The long out of print “Rock-a-Doodle” from animation master Don Bluth has finally stormed its way on to HD thanks to Olive Films, and it’s a blast to the past for me. I fondly remember seeing a lot of the ads for “Rock-a-Doodle” as well as coming across TV spots and ads in comic books. Sadly, the actual cinematic experience was a bust, even for an eight year old moi. It was a dull, awful movie then, and it’s a pretty dull and awful movie, now. I doubt even the best of nineties nostalgia geeks can find a gem in this mess of a movie. I spent a good number of years putting “Rock-a-Doodle” in the back burner of my memory, and I realize it was for good reason.
Although I absolutely love “Thriller,” I’ve never been one to associate Michael Jackson with Halloween, but apparently someone does. “Michael Jackson’s Halloween” isn’t just an animated special for the whole family, but it’s classic Michael Jackson. It has his music, it inspires individuality, and it further emphasizes Michael Jackson as something of a mythical figure that centered his life on defending children against sinister forces lurking in the shadows. Suffice to say “Michael Jackson’s Halloween” is a weird animated special, but it’s an oddly entertaining one that will work if you’re a Jackson buff.
A starting band with members from the US and the UK moves to Los Angeles to make it big. Living in their van, they work hard to get their start on the Sunset Strip. After a chance encounter with a mysterious man, things start to fall into place, but there is a price to pay.
Written by Christopher Leeson and directed by Josh Wong, this documentary follows a band as they record an album in an abandoned home in the Canadian Prairies. One of them finds this place while driving and brings the rest back to record a more natural, organic album in terms of sound and how it comes to be. The film follows these men and looks into their lives through interviews and music. The men shown include Adam Naughler, Jon May, Blake Reid, Aaron Young, and Jason Valleau who all work on the album together and have their lives and hopes discussed by themselves and others.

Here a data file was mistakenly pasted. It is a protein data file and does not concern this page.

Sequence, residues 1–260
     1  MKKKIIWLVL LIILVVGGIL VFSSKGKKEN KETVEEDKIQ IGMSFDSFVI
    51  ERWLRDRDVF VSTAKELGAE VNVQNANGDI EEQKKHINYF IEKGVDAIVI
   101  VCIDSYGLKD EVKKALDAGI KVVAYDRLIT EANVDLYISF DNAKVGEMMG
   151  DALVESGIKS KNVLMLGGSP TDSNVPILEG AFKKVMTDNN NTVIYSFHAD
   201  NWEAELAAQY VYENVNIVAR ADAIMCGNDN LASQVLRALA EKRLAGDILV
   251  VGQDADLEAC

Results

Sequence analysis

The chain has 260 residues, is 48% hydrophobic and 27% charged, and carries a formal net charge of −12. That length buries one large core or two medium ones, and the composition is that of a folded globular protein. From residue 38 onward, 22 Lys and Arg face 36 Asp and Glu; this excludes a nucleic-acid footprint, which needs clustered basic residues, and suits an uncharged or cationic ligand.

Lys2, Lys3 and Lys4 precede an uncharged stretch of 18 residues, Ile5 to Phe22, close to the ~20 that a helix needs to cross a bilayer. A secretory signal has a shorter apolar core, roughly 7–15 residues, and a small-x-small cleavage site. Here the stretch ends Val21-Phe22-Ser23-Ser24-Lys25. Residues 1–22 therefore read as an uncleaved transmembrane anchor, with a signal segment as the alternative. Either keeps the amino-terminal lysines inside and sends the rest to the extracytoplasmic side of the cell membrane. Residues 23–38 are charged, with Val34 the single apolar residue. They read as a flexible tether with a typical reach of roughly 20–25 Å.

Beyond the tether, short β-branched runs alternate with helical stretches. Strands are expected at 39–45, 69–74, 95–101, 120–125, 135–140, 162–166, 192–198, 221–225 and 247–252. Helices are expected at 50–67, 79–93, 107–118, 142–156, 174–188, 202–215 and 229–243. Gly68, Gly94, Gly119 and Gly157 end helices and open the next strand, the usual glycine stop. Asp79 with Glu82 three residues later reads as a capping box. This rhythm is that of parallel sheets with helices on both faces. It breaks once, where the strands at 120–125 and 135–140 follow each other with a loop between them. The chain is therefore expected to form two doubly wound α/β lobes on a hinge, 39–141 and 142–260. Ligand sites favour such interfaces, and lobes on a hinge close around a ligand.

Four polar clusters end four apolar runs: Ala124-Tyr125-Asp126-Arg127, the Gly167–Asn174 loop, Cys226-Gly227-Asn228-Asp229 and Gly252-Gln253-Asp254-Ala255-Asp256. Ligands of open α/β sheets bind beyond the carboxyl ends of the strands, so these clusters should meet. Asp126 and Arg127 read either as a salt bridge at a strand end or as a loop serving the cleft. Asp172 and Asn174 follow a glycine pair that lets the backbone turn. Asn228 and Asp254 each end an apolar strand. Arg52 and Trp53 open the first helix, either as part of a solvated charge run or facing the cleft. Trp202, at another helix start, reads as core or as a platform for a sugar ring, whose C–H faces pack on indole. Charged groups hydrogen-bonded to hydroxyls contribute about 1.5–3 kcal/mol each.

A young woman begins working in an old school shoe factory as it is under closure threat from the company trying to save a buck and move the production to a less expensive country. Through the fight to save the factory and the jobs, she and her co-workers learn a lot about themselves, each other, and life in general.
This documentary shows the rise to fame of The Alarm member Mike Peters, the slowdown of his career, his fight with cancer, and how he turned all it around by helping the cancer cause and getting back into performing.
It’s really hard to find anyone who does eighties neon pop surrealism like Empire Pictures. If you want to soak in everything about the decade from the bright colors, weird synth music and massive hair, look no further than films like “Terrorvision,” “Bad Channels” and or “Vicious Lips.” Your experience with Albert Pyun’s rare cult film may vary depending on your love for the decade, but sans the nostalgia goggles, it’s only a moderately entertaining experience that it limitless in its oddities. Something of a mixture of “Rock and Rule,” “Jem and the Holograms,” and “Rocky Horror Picture Show,” Albert Pyun throws so much imagery at the audience and there’s never any kind of substance soaked up.